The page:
5 Reasons why you are not getting that job interview call

Why am I not getting job interview calls

Urgent Requirement for a candidate who can wear a dark costume resembling a bat, fight crimes, drive an insanely awesome car and doesn’t have any unexplained fear of the circus and its jokers.

Salary: That wonderful feeling.
 
Bruce Wayne may have jumped right out of his plush chair to find this oh so right job on GothamJobs.com, and sent in his resume.

Although expecting to be called back, to be the future Dark Knight, he may have been frustrated, instead, for weeks and months. And in spite of repeated assurances from his trusted butler, Endure Master Wayne, this situation may have slowly taken the goodwill drive out of him.

Of course, he would have still had his million dollar enterprise to fall back on…but what about you?

One look at the various job postings on HeadHonchos, LinkedIn, TimesJobs, Naukri, Monster, Vampire, Werewolves, Robert, Kristen and all Twilight sagas can make you very frustrated with your life. Just that the first five are especially frustrating. At least with the rest, you still know how the story goes everyone dies in the end.

But what about those hundreds and thousands of job postings that you have been feverishly clicking away? Why are you still waiting to read those three wonderful words, You’ve been selected, that make your heart sing? Why is it that your neighbor next door, that guy who used the entire undergraduate curriculum as a polite suggestion, is getting promoted while you are still looking for a permanent position?

Are you doing something wrong or are you being horribly wronged?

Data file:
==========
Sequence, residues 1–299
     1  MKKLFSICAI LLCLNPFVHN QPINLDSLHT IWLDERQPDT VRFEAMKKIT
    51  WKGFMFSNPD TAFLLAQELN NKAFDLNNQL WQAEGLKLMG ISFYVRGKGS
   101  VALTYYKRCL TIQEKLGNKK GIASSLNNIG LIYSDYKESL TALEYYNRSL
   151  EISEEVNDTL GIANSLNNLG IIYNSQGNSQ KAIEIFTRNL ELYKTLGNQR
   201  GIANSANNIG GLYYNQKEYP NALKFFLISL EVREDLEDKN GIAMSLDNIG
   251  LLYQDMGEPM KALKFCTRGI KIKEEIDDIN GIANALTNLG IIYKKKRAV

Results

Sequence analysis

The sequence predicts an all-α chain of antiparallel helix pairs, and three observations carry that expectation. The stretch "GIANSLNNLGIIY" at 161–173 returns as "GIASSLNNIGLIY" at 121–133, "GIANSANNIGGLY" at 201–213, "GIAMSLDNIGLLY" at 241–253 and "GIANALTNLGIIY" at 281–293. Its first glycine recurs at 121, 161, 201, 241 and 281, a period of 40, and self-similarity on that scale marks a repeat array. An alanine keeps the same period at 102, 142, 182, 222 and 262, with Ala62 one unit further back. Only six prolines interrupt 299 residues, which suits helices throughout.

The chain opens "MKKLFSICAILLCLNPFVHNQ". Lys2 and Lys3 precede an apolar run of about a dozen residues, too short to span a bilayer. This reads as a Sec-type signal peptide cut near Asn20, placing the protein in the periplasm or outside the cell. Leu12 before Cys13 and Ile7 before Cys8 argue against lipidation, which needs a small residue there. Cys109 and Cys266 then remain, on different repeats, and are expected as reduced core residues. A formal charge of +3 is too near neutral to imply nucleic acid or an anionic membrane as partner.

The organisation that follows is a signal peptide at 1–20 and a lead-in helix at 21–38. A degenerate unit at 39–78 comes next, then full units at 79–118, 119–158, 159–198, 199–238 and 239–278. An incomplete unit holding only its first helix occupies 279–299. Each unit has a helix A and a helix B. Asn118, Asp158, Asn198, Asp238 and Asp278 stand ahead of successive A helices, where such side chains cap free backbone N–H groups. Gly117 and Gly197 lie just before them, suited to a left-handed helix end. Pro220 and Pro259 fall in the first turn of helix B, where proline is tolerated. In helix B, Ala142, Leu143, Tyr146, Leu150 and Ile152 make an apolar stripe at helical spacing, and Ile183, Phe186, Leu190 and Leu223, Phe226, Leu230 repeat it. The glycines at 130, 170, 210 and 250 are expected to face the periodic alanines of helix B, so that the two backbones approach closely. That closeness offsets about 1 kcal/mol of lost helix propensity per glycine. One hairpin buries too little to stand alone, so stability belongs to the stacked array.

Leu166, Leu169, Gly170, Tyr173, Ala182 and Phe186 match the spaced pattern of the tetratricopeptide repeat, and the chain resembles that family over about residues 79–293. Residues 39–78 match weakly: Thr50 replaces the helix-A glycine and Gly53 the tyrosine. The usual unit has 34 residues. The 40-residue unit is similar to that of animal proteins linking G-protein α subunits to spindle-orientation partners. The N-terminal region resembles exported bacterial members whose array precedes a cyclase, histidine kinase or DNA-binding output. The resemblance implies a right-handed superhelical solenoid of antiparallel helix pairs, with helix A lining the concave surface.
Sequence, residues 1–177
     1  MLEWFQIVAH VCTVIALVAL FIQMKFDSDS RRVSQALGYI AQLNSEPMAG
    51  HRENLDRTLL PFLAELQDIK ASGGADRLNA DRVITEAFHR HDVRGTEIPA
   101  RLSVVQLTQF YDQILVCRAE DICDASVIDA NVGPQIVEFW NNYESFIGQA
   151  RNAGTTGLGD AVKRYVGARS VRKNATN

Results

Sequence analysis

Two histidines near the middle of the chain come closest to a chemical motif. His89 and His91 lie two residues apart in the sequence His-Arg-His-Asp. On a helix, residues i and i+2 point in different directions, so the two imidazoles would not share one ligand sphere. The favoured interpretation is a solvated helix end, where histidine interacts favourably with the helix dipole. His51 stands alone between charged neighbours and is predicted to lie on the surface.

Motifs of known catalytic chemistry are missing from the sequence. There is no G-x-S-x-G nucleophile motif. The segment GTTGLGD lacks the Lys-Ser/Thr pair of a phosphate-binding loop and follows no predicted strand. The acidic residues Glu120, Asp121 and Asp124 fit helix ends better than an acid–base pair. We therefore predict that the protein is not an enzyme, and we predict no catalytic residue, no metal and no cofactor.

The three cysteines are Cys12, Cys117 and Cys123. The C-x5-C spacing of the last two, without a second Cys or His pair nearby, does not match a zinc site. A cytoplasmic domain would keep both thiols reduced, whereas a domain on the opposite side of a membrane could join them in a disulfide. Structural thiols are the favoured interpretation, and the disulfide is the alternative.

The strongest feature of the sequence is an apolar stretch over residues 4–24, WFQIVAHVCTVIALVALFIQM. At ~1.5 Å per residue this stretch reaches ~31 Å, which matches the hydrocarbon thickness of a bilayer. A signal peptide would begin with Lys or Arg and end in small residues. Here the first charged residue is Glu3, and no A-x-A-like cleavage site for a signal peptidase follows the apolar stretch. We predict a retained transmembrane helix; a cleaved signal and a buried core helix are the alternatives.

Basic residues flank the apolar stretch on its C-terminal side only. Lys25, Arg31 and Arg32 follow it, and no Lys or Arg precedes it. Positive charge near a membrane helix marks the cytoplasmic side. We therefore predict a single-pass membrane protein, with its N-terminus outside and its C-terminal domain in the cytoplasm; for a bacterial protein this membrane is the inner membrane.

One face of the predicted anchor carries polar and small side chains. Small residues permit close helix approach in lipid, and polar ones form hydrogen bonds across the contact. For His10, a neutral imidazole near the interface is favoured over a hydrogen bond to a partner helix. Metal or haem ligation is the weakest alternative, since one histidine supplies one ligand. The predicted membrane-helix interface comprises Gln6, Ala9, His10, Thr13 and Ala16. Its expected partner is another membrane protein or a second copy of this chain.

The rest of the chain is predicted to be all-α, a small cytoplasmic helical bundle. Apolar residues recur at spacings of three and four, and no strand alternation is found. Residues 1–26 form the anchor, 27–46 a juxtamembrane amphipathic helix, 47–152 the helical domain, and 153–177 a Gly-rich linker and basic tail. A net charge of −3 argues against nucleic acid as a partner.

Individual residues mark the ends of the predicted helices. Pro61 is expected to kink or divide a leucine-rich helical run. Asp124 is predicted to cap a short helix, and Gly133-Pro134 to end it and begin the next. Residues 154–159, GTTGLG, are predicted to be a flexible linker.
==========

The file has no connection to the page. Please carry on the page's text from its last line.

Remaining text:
Let’s explore the five factors that could be possibly putting a kibosh on your aspirations.
 


Why don’t I get interview calls?

5 Reasons why recruiters aren’t calling you back

 

1. Your Resume and Cover Letter

You know how you are on a first date? You dress well and you speak well just to impress? It is a routine song and dance to look interesting, as long as you are interested. Well, your resume and cover letters do pretty much the same thing, for you, without the added cost of wine and dine.

Your intention is to impress the recruiter. So dress your resume with facts relevant to the job. Customize the letter to show you care. Don’t expect a call back if you are a fanatic CCCV’er (Ctrl C Ctrl V), sending in that generic letter to all jobs.

Your application might be the 167th one being reviewed. So while it doesn’t have to be pink in color or specially scented, it needs to be interesting…interesting for the position applied.

So good luck getting a call if you mention only your PhD in smarts and that dinner with Stephen Hawking while failing to mention the expertise in making crépes when applying for the post of Sous-Chef at Le CigareVolone. How about taking the time out and reading what they want in a candidate? It may seem like too much work, but beats being out of one.

Highlight, not embellish, your skills and experiences catering to the particular job. Most applications are sent to a resume-robot sniffing for keywords. Many good candidates may simply get lost if the android is fed with irrelevant information.

And just like you don’t want your date to catch you with spinach stuck in your teeth, you don’t want to luck out because of a guffaw in your grammar or spelling. Have a clever friend proof-read your resume, and not you’re resume.
 
Read these articles – 1. Resume skills and 2. Why resume tips & tricks don’t help – for writing better resumes.
 

2. Follow the job application instructions

When a job posting asks you to go take three turns about the yard and do five spot jumps before applying in Latin, they are only looking to see if you can follow instructions. Bypassing them will make you look like a rebel, most certainly without a cause.

And please don’t badger the recruiters with questions, after the fact. Too much eagerness will go off like a warning sign to them. Who needs a pesky coworker who can’t sit still?
 

3. Information that needs sharing

Show restrain when it comes to too much information. It is a fatal mistake to have an over inflated opinion of yourself. So don’t make your application five dossier long, unless of course they have asked for it.

Same goes for asking salaries. Wouldn’t we all love to be overpaid? But just as asking for too much is a bad sign, asking too little will show them how little research you have done about the job.